Life, thankfully, isn’t quite so difficult these days, at least in terms of getting hold of food. In all but the poorest of third world countries you can eat a lot on a very low budget. It might not be quality, but there is a lot of it. Food is never far away, and most people have the luxury of never being forced to go hungry.
Only our brains haven’t cottoned on to this. The brain still believes we need to eat everything in sight to ‘save up’ for famine. Nowhere else does this mechanism kick in stronger that when we’re in a calorie deficit trying to lose weight. That clever primal brain of yours thinks you’re being, quite frankly, rather stupid not eating, and will do everything in it’s power to make you eat, not realising you would actually be healthier if you were a bit slimmer. THis is all about guarding against famine and, lets face it, for most of us that isn’t really a threat.
It all makes for a rather miserable and challenging dieting experience. So how can we ‘trick’ our brains to stop craving food?
1. Eat more
Yes really! But I mean more volume not more calories. Eat smaller portions of calorific foods and fill up with low calorie vegetables, salad and fruit. You can eat a huge salad with some lean chicken for about the same calories as some ‘healthy’ snack bars, but a cereal bar doesn’t fill you up nearly as much as a large salad.
2. Eat more fibre
Choosing higher fibre options of foods will fill you up more than low fibre ones. Eat the skin on fruit and vegetables where possible, don’t drink juices (where the fibre has been removed), and always opt for whole foods and wholegrain varieties that have not been stripped of their fibre during processing.
3. Eat more protein
Protein is the most satiating macronutrient so if you want to keep hunger at bay, eat more of it. As well as meat, fish, eggs and dairy products, swap starches like white rice and mashed potato for higher protein quinoa and mashed chickpeas.
4. Sleep and relax more
When we don’t sleep enough our bodies produce more of the hunger hormone ghrelin and less of the ‘full’ hormone leptin. Stress can be both an appetite suppressant and stimulant but most people find their cravings for sweet and fatty junk foods increase when they’re stressed.
5. Avoid foods that trigger cravings
Though a small selection box of chocolates or tsp. of peanut butter might not add a lot to your calorie intake, some people find that certain foods are ‘once they start they can’t stop’ foods! Know yours and avoid them until you manage to get a hold of this all or nothing consumption.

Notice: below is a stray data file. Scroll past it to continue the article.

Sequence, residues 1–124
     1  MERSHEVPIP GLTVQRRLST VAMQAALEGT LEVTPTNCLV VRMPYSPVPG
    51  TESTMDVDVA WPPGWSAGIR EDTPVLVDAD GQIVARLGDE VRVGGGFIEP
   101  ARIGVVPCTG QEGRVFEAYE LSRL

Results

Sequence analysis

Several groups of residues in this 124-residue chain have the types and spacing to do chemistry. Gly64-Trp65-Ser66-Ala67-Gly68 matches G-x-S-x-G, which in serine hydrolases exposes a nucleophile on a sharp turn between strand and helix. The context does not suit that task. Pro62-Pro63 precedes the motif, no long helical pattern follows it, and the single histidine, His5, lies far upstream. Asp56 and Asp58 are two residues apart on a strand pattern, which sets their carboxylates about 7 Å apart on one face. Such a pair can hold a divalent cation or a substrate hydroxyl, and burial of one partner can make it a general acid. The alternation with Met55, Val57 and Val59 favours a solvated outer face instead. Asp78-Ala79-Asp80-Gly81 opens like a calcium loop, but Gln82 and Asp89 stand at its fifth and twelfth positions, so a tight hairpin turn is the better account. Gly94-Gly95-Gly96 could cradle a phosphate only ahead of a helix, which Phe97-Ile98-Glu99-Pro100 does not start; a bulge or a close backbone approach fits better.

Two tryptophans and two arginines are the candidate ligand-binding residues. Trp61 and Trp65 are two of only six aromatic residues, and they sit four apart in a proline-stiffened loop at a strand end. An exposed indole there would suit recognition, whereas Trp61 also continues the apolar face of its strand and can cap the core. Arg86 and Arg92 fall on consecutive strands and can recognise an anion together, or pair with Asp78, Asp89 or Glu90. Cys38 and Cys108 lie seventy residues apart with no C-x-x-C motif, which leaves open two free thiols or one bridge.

6. Try certain supplements
Try using cocoa, green and black teas, fibre supplements, vinegar (which decreases the GI of a meal), natural calorie free sweeteners like stevia, coffee only in moderation, stimulating or relaxing herbal teas, and consider BCAA supplements. All these can be useful in combating cravings, but – N.B. try the food and dietary strategies first, supplements are always the last strategy to implement in any goal.
7. Pre-emptive eating
Eat before you get too hungry so that you prevent the release of stress hormones to raise blood sugar, and to prevent you from overcompensating later and ultimately eating more overall.
8. DON’T eat fat free!
I know this goes against the first point of eating larger quantities of lower calorie foods. But adding (or including) fat in a meal is more satisfying than a fat free meal for most people. Almonds are high in fat yet have been shown to decrease hunger, while many fat free foods are high in carbohydrates and sugar which can set off a hunger and craving rollercoaster.
9. Stick to a schedule
Some people feel best on three meals and three snacks a day. Others like two large meals a day. Some people even utilise intermittent fasting and go several hours without eating. Most people do best spreading their daily food intake across 3-5 meals a day. But work out what keeps your hunger to a minimum and help you personally to stop craving food.
10. Work out if it’s physical or emotional hunger and cravings
Genuine hunger starts in the stomach, and responds well to being filled, even if that’s low calorie vegetable sticks or even a hot drink. Cravings start in the brain and can be due to feeling low, lonely, angry, bored or any other emotion, even happiness! If you’re genuinely hungry you’ll eat anything even a boring plain stick of celery. If you won’t try eating vegetables or fruit first, it’s probably just a craving.
Whatever you do don’t try and stop craving food by willpower alone – you’ll cave in eventually and possibly overcompensate by eating way more than you intended. Rather try the tricks above and see if you can knock those cravings once and for all.